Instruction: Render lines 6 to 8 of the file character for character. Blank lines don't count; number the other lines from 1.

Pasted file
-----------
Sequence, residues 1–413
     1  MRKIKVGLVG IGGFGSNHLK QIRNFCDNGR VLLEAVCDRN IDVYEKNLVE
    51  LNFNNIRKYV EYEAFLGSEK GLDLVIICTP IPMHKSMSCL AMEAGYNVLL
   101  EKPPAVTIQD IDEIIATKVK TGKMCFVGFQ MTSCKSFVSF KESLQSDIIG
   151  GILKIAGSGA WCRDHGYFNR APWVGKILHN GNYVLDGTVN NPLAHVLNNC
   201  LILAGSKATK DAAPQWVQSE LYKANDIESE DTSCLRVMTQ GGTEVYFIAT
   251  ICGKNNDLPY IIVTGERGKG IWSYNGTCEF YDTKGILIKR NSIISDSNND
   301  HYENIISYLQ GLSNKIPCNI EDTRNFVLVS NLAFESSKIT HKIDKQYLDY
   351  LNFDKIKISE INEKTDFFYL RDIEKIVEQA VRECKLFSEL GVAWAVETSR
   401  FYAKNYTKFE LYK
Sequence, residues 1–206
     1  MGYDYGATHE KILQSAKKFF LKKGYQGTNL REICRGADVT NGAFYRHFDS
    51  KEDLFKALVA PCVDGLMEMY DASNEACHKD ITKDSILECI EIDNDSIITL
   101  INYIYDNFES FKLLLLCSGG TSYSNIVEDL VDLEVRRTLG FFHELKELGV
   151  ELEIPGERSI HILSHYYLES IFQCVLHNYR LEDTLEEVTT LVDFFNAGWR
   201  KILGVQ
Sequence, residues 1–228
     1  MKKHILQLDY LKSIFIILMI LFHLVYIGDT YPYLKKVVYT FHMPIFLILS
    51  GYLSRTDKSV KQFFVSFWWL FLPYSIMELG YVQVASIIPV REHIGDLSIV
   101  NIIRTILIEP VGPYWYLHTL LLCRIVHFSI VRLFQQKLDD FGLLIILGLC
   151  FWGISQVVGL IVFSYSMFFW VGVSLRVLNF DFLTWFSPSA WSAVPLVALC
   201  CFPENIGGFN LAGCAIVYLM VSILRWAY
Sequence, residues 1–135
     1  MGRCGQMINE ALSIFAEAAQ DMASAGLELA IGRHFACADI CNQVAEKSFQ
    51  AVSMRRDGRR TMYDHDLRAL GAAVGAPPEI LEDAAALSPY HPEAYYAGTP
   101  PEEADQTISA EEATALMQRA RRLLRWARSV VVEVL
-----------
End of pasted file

   201  LILAGSKATK DAAPQWVQSE LYKANDIESE DTSCLRVMTQ GGTEVYFIAT
   251  ICGKNNDLPY IIVTGERGKG IWSYNGTCEF YDTKGILIKR NSIISDSNND
   301  HYENIISYLQ GLSNKIPCNI EDTRNFVLVS NLAFESSKIT HKIDKQYLDY